Body found confirmed to be missing NDSU freshman
MOORHEAD, Minn. - A body found here Tuesday morning has been positively identified as a missing North Dakota State University student, a tragic turn in a search that ended miles away from the area near NDSU's campus where police had thought he wa...
MOORHEAD, Minn. – A body found here Tuesday morning has been positively identified as a missing North Dakota State University student, a tragic turn in a search that ended miles away from the area near NDSU’s campus where police had thought he was last seen.
A Fargo police officer searching for 18-year-old Thomas Bearson found his body about 11:20 a.m. on the ground on the lot of Larry’s RV Sales in Moorhead near 29th Street and 24th Avenue South by Sam’s Club, said Lt. Tory Jacobson, a spokesman for Moorhead police.
The body has been transported to the Ramsey County Medical Examiner’s Office, according to a release Tuesday night from Moorhead police.
The news prompted an outpouring of grief on both the NDSU campus and in Bearson’s hometown of Sartell, Minn., just north of St. Cloud. Vigils were held in both Fargo and Sartell on Tuesday night for Bearson, a well-liked standout basketball player at Sartell High School who had only been on the NDSU campus for a few weeks.
“Tom was the life of the party. Everybody liked Tom,” said Chris Lewis of Sauk Rapids, Minn., who coached Bearson’s AAU basketball team.
Search heads east
Bearson disappeared early Saturday, a missing person case that prompted a widespread but unsuccessful search Monday of the area south of the NDSU campus in north Fargo and the Red River.
On Monday, Fargo police said Bearson was last seen at about 3:40 a.m. Saturday in the 800 block of 14th Street North, about six blocks south of his dormitory room on campus in Reed Hall. The area where the body was found Tuesday is more than a five-mile walk from there.
Lt. Joel Vettel, a spokesman for Fargo police, said cellphone tracking, tips and proximity to his last known location drew the search for Bearson to the largely industrial area of south Moorhead.
When asked if the site just south of campus remained Bearson’s last known location, Vettel said he could not comment on that and referred questions to Moorhead police.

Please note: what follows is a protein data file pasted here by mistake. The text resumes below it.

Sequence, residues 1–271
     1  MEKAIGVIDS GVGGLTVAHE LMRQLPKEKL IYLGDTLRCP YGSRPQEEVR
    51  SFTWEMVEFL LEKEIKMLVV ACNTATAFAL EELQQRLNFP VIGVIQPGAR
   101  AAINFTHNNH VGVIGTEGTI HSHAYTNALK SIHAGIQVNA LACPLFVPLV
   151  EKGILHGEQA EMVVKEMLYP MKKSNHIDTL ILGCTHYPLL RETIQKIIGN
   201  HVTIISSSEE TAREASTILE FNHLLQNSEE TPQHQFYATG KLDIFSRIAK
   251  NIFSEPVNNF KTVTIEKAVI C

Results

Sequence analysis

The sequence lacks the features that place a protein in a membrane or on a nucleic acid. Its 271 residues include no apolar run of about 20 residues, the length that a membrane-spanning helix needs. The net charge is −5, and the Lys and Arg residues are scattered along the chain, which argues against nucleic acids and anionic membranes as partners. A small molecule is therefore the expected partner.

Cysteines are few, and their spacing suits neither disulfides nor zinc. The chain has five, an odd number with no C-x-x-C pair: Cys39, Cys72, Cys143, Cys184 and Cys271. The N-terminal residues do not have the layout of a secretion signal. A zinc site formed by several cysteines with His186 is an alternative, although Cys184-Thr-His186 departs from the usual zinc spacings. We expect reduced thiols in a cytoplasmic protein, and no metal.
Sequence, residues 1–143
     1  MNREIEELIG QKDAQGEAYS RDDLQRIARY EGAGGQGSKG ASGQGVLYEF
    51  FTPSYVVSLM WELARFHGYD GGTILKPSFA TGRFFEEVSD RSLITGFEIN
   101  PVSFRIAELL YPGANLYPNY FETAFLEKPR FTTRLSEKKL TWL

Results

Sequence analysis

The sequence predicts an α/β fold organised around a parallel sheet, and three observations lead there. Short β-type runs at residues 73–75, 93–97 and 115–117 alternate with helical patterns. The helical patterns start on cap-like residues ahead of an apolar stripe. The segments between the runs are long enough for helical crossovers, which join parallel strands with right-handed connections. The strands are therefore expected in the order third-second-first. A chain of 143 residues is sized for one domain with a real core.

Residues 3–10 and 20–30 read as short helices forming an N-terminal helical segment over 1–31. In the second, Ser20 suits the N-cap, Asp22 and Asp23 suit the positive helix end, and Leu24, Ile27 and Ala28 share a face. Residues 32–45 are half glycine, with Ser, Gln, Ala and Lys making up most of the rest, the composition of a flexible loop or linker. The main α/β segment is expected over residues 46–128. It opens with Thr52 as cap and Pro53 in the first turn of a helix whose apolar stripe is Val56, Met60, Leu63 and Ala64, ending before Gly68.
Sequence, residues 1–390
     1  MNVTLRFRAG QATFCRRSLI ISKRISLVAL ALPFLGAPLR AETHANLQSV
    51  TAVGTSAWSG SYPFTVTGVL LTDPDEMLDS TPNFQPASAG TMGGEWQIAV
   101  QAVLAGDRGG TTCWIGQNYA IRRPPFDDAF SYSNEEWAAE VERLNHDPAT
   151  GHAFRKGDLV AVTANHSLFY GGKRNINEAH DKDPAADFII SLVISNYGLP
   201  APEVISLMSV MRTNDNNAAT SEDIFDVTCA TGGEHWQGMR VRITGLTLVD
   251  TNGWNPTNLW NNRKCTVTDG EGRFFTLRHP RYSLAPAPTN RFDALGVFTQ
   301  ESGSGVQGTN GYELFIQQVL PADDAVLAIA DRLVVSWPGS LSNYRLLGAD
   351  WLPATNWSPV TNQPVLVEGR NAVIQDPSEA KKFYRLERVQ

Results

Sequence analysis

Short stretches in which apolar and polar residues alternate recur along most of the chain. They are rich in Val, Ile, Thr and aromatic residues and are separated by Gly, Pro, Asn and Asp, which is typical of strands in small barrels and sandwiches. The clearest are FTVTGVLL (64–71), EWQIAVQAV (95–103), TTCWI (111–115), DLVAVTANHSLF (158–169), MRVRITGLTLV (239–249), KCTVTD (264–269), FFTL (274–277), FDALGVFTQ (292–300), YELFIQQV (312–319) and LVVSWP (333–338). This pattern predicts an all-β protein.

Jacobson said he could not comment on Bearson’s last known location.
He also declined to say if foul play is suspected or how the body could have ended up at the RV lot, where an area was taped off and being guarded by police on Tuesday.
Jacobson said the Minnesota Bureau of Criminal Apprehension was expected to bring a mobile crime lab to the scene by Tuesday evening to help with processing evidence in the death investigation.
The Moorhead Police Department and Minnesota Bureau of Criminal Apprehension will take the lead on the investigation, said Ternes, who added there is no information indicating the public is at risk.
“We’re going to do a complete investigation without ruling out anything,” Jacobson said.
Ternes said conclusions could be “several days if not weeks” away.
Ternes added that after talking with Moorhead Police Chief David Ebinger, he believed Minnesota authorities would “exhaust all of their resources to come to conclusions.”
Bearson’s family was notified of the discovery. Ternes said he was on the phone with them when he learned of the body being found and immediately relayed that information.
At a Tuesday afternoon news conference, NDSU President Dean Bresciani urged the community to avoid imagining what might have happened before police have a chance to investigate.
“Conversations like that can be exceptionally painful to family members that are grieving over this,” he said.
‘A great young man’
Bearson was a four-year letter-winner on his high school basketball team and was described as a competitive, naturally gifted athlete to whom the team turned when they needed a big play.
In the area surrounding his hometown of Sartell, news spread fast after the press conference.
“I got a text from a local high school coach who got it from his colleague who got it from a kid,” Lewis said Tuesday afternoon.
Lewis said Bearson was the kind of kid you’d want to date your daughter.
“We are all going to live in an extremely grieving community. He was a great young man,” he said.
Even those who did not know Bearson felt the tragedy of his death on Tuesday afternoon.
“It’s overall just been a really sad environment, whether you knew him or not,” said NDSU junior Amy Peick. “We’re one community, so it doesn’t just affect the people who knew him; it affects everybody.”
For students from small towns, the experience felt similar to losses that had affected their entire communities at home, NDSU junior Tracey Dillon said.
Neither Peick nor Dillon knew Bearson, but they planned to wear yellow in his honor on Wednesday – an effort that was initiated on Facebook.
Students expressed grief and support on social media during the search for Bearson and in the aftermath of Tuesday’s discovery.
Hours before the 1 p.m. announcement that a body had been found, many NDSU students changed their profile photos to pictures of Bearson, so more people would see his face. Later in the day, the #FindTom hashtag that had emerged on social media morphed into #RIPTom.
A member of the Sartell High School volleyball team tweeted that they would be taking a moment of silence at their game Tuesday night for the Bearson family.
And as the news began to spread, many NDSU students regretted they hadn’t gotten to know Bearson, freshman Brittany Bloch said.
“I’ve talked to a lot of students who didn’t know Thomas but knew a lot of his friends or had seen him in a few classes,” she said. They “realized that they had crossed paths with this young man at one point or another and now, suddenly, he’s gone. They won’t do that again.”
Archie Ingersoll and the St. Cloud (Minn.) Times contributed to this report.